Calgary's Centre for Newcomers will double its space in move to Northgate Village mall
New location at Northgate Village could open as early as summer 2021
Calgary's Centre for Newcomers is on the move.
The non-profit immigrant settlement agency is moving into space left by two former big box stores at Northgate Village Shopping Centre, opposite Marlborough Mall in the city's northeast.
The resulting space will give it a bigger and much more high-profile presence in the community it serves.
"Over the past two years, we've definitely grown and our partnerships have substantially grown. We really wanted a space we could create as a community hub," said the centre's CEO, Anila Lee Yuen.
"Not only will it be a space for ourselves and our clients but for the community as a whole," Lee Yuen said.
"We're really excited about it and we think it's the right time and the right place."
The Centre for Newcomers has been helping immigrants and refugees from around the world settle and start new lives and jobs in Calgary since 1988.
The new site will almost double the space the agency has at its current location inside Pacific Place Mall, just a few minutes away.
"It's going to be huge, the entire front will have a huge sign and digital signage as well," said Lee Yuen.
The new centre will include a 200-seat auditorium, a spiritual room, gym and a storefront cafe operated by its catering component. EthniCity Catering, run out of the centre, provides work experience and training to immigrants in their transition to Canada.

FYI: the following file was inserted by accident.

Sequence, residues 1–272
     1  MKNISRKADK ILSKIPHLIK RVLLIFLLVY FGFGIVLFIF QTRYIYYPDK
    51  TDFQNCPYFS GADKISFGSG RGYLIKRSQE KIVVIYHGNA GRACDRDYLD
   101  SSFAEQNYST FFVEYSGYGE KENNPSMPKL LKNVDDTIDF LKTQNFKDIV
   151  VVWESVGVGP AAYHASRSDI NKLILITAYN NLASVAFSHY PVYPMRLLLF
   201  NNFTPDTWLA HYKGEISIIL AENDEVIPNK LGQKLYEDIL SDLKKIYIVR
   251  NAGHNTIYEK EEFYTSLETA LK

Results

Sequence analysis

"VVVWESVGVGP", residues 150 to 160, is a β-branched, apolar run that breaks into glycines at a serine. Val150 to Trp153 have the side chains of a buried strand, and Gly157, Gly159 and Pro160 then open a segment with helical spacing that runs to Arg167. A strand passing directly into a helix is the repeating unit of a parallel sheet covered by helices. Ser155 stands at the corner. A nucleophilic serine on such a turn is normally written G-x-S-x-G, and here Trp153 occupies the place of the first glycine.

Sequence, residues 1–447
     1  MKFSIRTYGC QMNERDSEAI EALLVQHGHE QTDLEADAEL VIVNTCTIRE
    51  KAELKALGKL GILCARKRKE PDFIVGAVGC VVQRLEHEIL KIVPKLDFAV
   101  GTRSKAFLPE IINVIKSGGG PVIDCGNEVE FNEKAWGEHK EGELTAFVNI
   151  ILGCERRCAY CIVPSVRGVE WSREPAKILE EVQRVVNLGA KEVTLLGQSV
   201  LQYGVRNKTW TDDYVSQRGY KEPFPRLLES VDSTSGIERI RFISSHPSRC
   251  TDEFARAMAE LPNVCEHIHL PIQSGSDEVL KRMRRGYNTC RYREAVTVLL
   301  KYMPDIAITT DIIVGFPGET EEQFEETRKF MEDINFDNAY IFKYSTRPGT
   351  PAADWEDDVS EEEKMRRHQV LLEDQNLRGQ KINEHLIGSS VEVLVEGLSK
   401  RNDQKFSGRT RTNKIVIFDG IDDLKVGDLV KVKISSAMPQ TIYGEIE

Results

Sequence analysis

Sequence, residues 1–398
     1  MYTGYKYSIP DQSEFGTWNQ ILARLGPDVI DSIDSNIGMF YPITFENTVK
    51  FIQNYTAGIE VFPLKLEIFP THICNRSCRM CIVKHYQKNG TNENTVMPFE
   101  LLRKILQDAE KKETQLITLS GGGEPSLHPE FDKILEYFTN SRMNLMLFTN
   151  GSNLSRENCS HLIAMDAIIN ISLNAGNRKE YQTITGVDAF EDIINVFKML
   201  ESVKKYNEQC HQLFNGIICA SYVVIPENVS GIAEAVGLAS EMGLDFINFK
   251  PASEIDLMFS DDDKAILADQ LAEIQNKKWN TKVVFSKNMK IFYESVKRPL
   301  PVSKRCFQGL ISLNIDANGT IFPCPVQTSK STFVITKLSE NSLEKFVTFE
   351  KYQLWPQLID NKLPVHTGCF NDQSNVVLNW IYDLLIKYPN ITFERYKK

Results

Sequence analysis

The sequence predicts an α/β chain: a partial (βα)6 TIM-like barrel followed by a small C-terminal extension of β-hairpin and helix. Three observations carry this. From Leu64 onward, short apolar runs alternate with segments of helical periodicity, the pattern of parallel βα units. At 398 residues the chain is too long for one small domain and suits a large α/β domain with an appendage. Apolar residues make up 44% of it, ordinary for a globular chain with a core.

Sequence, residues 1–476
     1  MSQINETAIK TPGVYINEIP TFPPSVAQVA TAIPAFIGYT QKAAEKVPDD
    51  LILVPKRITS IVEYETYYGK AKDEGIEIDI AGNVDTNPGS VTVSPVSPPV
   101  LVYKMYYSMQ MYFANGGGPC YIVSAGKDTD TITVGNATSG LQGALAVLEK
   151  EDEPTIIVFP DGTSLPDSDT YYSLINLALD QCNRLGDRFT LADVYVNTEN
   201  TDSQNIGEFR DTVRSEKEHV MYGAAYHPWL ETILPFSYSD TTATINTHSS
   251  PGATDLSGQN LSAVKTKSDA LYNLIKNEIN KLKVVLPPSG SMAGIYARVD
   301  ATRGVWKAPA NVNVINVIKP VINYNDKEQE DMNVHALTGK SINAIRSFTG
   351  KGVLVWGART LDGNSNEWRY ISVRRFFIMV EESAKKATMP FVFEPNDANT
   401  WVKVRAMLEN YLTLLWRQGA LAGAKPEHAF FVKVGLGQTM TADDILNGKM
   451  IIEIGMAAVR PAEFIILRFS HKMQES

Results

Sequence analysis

"It's currently a leasers' market so it was a good opportunity for us, and our landlords RioCan have been excellent in terms of providing us with assistance to make this happen," said Lee Yuen.
She says the location is another good opportunity for the organization.
"We're even closer to lots of our partners here: the Mosaic Primary Care Network and Mosaic Refugee Clinic, the Alex Community Health Centre, Momentum, and it's a much more visible location."
The new location will still be close to transit stops and northeast communities, where many newcomers settle.
Staff had input on the building design including more plants and natural light and an area for employee's pets.
"It will all improve the quality of life for both our staff and our clients," said Lee Yuen.
"The cost for us is net zero and we're really grateful for that," she said.
Lee Yuen says the move and building redesign was made possible through negotiations with RioCan. The main funder is Immigration, Refugees and Citizenship Canada.
Work is already underway and the new centre could be ready to open as early as summer 2021.